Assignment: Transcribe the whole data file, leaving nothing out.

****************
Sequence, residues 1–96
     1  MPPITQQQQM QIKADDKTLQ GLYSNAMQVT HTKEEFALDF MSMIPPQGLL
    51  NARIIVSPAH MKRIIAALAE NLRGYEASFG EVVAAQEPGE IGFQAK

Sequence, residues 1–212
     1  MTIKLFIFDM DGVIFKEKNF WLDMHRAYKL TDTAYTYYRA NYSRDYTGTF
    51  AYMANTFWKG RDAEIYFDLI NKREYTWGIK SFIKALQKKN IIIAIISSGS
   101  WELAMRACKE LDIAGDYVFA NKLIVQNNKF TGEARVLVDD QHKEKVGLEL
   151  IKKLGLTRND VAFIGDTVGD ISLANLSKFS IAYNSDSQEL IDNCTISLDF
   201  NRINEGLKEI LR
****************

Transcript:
Sequence, residues 1–96
     1  MPPITQQQQM QIKADDKTLQ GLYSNAMQVT HTKEEFALDF MSMIPPQGLL
    51  NARIIVSPAH MKRIIAALAE NLRGYEASFG EVVAAQEPGE IGFQAK

Sequence, residues 1–212
     1  MTIKLFIFDM DGVIFKEKNF WLDMHRAYKL TDTAYTYYRA NYSRDYTGTF
    51  AYMANTFWKG RDAEIYFDLI NKREYTWGIK SFIKALQKKN IIIAIISSGS
   101  WELAMRACKE LDIAGDYVFA NKLIVQNNKF TGEARVLVDD QHKEKVGLEL
   151  IKKLGLTRND VAFIGDTVGD ISLANLSKFS IAYNSDSQEL IDNCTISLDF
   201  NRINEGLKEI LR